Zen Story: The Falcon that Couldn't Fly
This inspirational Zen story about autonomy tells us that, in a distant kingdom, there was a sovereign very dear to his people. He ruled fairly and that’s why everyone trusted him and obeyed his orders without questioning them too much. Many brought him meaningful gifts as a sign of admiration and affection.
Once, a man gave the king a very special gift. They were two beautiful falcon chicks , the young of an extraordinary specimen. The sovereign thanked such a wonderful gift and immediately called the falconry master to take charge of the training of the animals. There was no one in the kingdom who knew more about falcons than he did.
The master welcomed the chicks and gave them special treatment from the very beginning. He obtained the best food for them and personally took care of them . The days began to pass and both falcons began to grow. However, despite being brothers, they were very different.
“Why is self-control, autonomy, such a threat to authority? Because the person who controls himself, who is his own master, has no need for an authority to be his master. ”
The two chicks and their differences
Right from the start, the falconry master noticed that one of the chicks was weaker and timider. That’s why he reserved the best food for him. Sometimes, he even forgot to feed the other, or only gave him small portions. He became obsessed with not allowing either of them to die and felt that one of them needed him more.
As it grew, the forgotten chick began to make its first walks, away from the small cage that remained open. He looked for more food and, thus, little by little, became familiar with the place. He discovered different plants, grains, and worms that he found exquisite. This way, he compensated for the lack of care.
This intriguing Zen story shows how these chicks differed, even if they were born from the same magnificent falcon. The most protected had acquired the habit of waiting for food and care, while the other was very independent. Yet, the biggest difference between the two was that, while one was always still, the other learned to fly.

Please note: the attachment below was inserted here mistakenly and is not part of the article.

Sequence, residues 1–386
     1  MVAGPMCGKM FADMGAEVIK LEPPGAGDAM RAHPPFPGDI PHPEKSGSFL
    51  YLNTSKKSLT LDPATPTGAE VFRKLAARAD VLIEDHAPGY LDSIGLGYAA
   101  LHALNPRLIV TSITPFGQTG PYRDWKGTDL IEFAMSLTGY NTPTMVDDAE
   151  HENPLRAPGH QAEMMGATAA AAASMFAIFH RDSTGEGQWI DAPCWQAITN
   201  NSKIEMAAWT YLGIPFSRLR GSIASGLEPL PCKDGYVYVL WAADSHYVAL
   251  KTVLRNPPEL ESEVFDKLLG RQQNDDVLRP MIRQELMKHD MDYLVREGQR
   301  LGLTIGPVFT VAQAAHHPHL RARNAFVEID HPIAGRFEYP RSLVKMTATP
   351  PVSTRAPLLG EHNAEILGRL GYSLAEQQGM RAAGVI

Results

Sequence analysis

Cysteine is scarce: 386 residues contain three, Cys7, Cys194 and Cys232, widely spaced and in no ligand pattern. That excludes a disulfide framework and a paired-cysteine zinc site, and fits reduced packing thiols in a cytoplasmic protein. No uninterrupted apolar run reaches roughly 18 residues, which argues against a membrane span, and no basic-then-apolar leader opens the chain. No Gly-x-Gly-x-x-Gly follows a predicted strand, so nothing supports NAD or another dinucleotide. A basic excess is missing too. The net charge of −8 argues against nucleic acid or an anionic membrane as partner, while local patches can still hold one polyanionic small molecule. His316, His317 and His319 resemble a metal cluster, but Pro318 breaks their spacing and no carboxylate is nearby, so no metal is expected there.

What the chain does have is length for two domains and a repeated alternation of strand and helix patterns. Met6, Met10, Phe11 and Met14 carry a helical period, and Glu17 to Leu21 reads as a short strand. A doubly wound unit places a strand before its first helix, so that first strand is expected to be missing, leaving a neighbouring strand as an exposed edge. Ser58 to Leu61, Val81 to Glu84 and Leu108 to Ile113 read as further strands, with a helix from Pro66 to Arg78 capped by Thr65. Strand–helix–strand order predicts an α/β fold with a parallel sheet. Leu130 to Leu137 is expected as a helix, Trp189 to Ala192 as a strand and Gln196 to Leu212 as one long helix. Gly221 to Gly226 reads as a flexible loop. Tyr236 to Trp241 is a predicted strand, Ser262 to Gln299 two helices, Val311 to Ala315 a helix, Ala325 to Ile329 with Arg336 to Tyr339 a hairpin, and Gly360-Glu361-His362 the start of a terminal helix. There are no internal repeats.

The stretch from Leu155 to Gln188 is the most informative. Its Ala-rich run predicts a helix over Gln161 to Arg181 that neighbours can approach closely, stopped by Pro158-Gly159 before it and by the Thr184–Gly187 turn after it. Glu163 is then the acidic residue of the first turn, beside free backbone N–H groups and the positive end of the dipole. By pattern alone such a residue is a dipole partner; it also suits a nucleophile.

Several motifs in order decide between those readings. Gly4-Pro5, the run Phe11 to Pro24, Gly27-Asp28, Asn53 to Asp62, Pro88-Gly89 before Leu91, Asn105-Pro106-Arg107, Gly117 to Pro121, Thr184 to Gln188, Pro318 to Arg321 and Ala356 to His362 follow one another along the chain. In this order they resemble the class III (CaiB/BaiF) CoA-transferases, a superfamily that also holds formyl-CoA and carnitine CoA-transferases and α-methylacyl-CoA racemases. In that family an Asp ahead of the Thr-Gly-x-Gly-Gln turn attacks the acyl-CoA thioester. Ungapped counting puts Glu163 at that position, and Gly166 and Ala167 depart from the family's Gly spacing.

The falconry master accepted that he was unable to find a solution to the problem. Try as he might, he couldn’t get the protected falcon to take flight. The best he managed was to get him out of the cage and put him on a strong tree branch. It stayed there all day, but it gave no sign that it wanted to fly.
Seeing this, the teacher decided to tell the sovereign what had happened. When the sovereign learned of this enormous difference between the two chicks, he decided to issue an edict. The Zen story follows with the king offering a juicy reward for those who were able to teach the falcon who resisted to fly.
All sorts of experts then arrived in that kingdom. They even came from distant countries, motivated by the desire to win the goodwill of the king and, incidentally, the large reward. Each of them thought they had come up with a strategy that would allow them to achieve the goa l.
The smart move
Many months passed and no one managed to get the bird to fly. They tried to captivate him with delicious delicacies, but the animal didn’t move from its branch. They also tried taking other falcons that showed him different flight techniques, but nothing happened.
Even one of the adventurers wanted to perform a magical ceremony and apply his spells to the animal, but he also didn’t manage to get it to move away from the branch on which it remained all day. One lovely morning, a humble peasant arrived at the castle. For most, it went unnoticed.
The elderly man simply sat by the tree and looked closely at the falcon. It was like that all day until the sun’s rays fell. The next day, the peasant appeared before the king and asked him to look out the window . The sovereign hardly left his astonishment when he saw the falcon soaring through the sky.
He called the master of falconry to make sure it was the same shy animal that didn’t move from the branch until yesterday. The master certified it. Seeing what happened, the King asked the man how he did it. The peasant, with great simplicity, replied: “It was easy, your Highness. I just cut the branch”.
This though-provoking Zen story on autonomy teaches us that we must live up to our potential to succeed. Often, we settle, without knowing our potential, without developing our qualities, as we’re comfortable in our branch. Perhaps it’s necessary for someone to cut it for us to take flight. These unexpected situations are opportunities.It might interest you...
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Rajneesh (Bhagwan Shree). (1987). Y llovieron flores: charlas sobre historias Zen. Barath.